Machine learning in APOGEE. Identification of stellar populations through chemical abundances

Garcia-Dias, Rafael; Allende Prieto, Carlos; Sánchez Almeida, Jorge; Alonso Palicio, Pedro
Bibliographical reference

Astronomy & Astrophysics, Volume 629, id.A34, 14 pp.

Advertised on:
9
2019
Description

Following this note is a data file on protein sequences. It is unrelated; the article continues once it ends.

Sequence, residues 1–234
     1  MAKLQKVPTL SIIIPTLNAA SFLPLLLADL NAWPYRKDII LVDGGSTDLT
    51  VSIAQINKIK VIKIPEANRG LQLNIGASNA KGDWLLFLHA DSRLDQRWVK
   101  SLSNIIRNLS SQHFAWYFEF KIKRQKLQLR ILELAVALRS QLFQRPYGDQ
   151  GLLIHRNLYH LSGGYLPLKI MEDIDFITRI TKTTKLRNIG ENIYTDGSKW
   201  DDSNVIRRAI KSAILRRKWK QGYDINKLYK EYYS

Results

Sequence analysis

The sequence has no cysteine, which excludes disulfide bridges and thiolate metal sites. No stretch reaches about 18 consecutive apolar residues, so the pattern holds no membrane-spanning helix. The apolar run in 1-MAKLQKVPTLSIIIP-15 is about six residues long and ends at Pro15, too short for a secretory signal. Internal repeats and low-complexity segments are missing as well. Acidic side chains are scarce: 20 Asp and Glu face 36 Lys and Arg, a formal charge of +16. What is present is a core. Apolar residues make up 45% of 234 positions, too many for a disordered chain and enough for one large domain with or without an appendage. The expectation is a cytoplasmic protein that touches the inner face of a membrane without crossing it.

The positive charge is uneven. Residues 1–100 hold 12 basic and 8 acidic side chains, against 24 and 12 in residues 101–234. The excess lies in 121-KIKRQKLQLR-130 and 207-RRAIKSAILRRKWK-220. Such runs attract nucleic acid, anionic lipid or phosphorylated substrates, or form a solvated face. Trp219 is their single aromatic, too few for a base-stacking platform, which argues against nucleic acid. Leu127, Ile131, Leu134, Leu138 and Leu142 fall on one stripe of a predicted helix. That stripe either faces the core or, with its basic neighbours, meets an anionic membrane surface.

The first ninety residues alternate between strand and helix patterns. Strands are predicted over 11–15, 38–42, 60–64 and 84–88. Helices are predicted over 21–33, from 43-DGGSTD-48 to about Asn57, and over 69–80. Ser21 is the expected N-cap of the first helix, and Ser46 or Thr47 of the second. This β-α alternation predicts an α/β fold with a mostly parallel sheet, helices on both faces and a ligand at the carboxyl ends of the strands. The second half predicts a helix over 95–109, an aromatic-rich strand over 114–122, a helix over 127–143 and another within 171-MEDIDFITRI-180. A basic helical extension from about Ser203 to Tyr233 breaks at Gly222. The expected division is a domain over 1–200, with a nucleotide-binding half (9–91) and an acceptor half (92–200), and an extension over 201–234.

Context. The vast volume of data generated by modern astronomical surveys offers test beds for the application of machine-learning. In these exploratory applications, it is important to evaluate potential existing tools and determine those that are optimal for extracting scientific knowledge from the available observations. Aims: We explore the possibility of using unsupervised clustering algorithms to separate stellar populations with distinct chemical patterns. Methods: Star clusters are likely the most chemically homogeneous populations in the Galaxy, and therefore any practical approach to identifying distinct stellar populations should at least be able to separate clusters from each other. We have applied eight clustering algorithms combined with four dimensionality reduction strategies to automatically distinguish stellar clusters using chemical abundances of 13 elements. Our test-bed sample includes 18 stellar clusters with a total of 453 stars. Results: We have applied statistical tests showing that some pairs of clusters (e.g., NGC 2458-NGC 2420) are indistinguishable from each other when chemical abundances from the Apache Point Galactic Evolution Experiment (APOGEE) are used. However, for most clusters we are able to automatically assign membership with metric scores similar to previous works. The confusion level of the automatically selected clusters is consistent with statistical tests that demonstrate the impossibility of perfectly distinguishing all the clusters from each other. These statistical tests and confusion levels establish a limit for the prospect of blindly identifying stars born in the same cluster based solely on chemical abundances. Conclusion. We find that some of the algorithms we explored are capable of blindly identify stellar populations with similar ages and chemical distributions in the APOGEE data. Even though we are not able to fully separate the clusters from each other, the main confusion arises from clusters with similar ages. Because some stellar clusters are chemically indistinguishable, our study supports the notion of extending weak chemical tagging that involves families of clusters instead of individual clusters. The list of stars is only available at the CDS via anonymous ftp to http://cdsarc.u-strasbg.fr (ftp://130.79.128.5) or via http://cdsarc.u-strasbg.fr/viz-bin/qcat?J/A+A/629/A34